A story of forgotten liberator
Yester evening I visited Mia Saba market to meet one relative and as I stood waiting for him to come,
By James Yac Garang
I was approached by a gentleman in his late 50s. He stood straight facing me and forthwith `I realized that he was coming to me and wanted to talk to me. I took my eyes off the phone and gave him my attention. The gentleman asked me “are you the son of Garang Akot” I was faced with dilemma on whether to ask back “why” because I was mindful of my security given the fact that he was stranger to me and the other reason was area we met. But then I quickly responded yes. The guy smiled at me, extended his hand to me, shook my hands and said “mashallah” in Arabic. So inquisitive I was left after handshakes and friendly smiles I wanted to know who he was and why forthright? I asked him who he was and he told me his names (names withheld)
Then he began to tell me his relationship with the man known among his comrades and family as Garangdit. He told me that he was in the commanding headquarter of 2 different Mobile Task Forces that Comrade Garangdit led from Western Bhar el Ghzazal to Western and Central Equatoria in the early and late 1990s. I gave him more time as I reflected on the contributions of this forgotten liberator among the host of liberators that live and rest in the unknown worlds and this veteran that I’m not worthy to stand before. He narrated to me their experiences in battles; ambushes and assaults against Jihadists in the Equatoria and Bhar el Ghazal region, their experiences too with operations in Rumbek and finally in Tonj. As I listened to him a dozen of questions was processed in my mind and fundamental question among them then was, why would this liberator be in this abject situation in the country he so much sacrificed? Then a phrase in Catholic Eucharistic prayer that goes “God so much love the world that he gave his only son to die so those who believe in him maybe saved” He went on to tell me experiences of two battles they fought in attempts to capture Maridi.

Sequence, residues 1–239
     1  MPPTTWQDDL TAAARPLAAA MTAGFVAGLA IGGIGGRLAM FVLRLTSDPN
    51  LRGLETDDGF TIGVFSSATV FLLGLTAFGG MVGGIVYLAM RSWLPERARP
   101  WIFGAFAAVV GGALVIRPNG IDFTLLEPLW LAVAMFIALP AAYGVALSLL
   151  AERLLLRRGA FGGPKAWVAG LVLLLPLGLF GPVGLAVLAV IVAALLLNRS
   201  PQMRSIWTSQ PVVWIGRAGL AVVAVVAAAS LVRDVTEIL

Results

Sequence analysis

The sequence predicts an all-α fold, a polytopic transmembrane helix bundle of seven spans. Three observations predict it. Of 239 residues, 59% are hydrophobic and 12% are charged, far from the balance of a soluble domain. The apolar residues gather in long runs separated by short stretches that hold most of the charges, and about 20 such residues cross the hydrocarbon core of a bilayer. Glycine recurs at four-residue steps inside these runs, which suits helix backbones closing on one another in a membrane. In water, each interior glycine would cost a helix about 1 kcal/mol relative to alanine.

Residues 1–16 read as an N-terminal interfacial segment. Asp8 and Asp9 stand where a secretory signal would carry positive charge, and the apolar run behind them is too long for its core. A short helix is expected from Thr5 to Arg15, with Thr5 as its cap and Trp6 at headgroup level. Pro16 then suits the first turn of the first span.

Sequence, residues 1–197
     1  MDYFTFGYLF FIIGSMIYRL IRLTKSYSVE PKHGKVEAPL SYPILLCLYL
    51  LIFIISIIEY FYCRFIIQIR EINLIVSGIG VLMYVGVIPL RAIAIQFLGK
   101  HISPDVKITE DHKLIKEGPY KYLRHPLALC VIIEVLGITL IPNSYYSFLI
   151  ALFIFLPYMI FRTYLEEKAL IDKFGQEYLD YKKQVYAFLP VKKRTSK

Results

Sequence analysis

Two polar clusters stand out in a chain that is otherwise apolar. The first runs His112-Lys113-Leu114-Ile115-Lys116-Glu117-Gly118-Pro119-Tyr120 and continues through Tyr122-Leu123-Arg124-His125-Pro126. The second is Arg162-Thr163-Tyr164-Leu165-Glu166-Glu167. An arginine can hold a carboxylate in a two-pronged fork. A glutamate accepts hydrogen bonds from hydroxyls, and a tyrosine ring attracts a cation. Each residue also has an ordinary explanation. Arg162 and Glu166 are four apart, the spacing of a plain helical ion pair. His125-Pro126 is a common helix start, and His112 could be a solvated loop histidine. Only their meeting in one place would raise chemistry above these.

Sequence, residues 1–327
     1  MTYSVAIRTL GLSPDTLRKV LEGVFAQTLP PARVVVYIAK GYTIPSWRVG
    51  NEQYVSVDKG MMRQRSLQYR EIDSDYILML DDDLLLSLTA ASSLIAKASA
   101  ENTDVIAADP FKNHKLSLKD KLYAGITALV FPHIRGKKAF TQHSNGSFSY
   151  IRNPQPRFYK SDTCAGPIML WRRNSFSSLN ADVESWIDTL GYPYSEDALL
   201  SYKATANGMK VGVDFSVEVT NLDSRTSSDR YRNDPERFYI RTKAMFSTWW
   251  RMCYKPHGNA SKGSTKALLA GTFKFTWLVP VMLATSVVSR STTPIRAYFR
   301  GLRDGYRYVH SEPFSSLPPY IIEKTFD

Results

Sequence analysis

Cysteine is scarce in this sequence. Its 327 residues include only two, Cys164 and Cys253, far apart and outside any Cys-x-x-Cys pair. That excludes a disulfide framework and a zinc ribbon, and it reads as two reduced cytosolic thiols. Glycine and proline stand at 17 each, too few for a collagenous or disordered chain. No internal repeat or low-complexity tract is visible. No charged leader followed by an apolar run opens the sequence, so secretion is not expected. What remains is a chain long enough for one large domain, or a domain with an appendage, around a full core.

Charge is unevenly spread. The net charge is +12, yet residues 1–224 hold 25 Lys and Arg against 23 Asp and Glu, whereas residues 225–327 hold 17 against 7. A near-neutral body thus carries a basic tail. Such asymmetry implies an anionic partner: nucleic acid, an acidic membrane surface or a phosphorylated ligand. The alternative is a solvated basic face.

One was of the comrade, a private who hails from Tonj (the soldier is still alive in village now in Tonj according to him) who was shot at both legs all broken in action and was left behind because Garangdit and his men were so much hit by the enemies that they had to retreat in disarray. According to him Comrade Garangdit was always the last to retreat when they had to (a testimony many of his soldiers told). So as Comrade Garangdit retreated tactfully he was called (“Comrade Garangdit”) by a wounded man who asked Garangdit to go and take his gun and leave him behind to be finished by the enemies (this was an action of a bravery and character of a patriotic soldier to give up his weapon to his comrade so that same weapon could be used even after his death instead of being captured by the enemy) Comrade Garangdit as he called him decided to go back and carried the wounded soldier with guns and managed to maneuver despite having sustained injuries from bombs and being told by the wounded comrade that he (the wounded man was useless kalas and should be left to die). According to this gentleman comrade Garangdit and the wounded soldier had to arrive in the barrack a day after when they had already lost hope that their commander with other comrades were missed in action.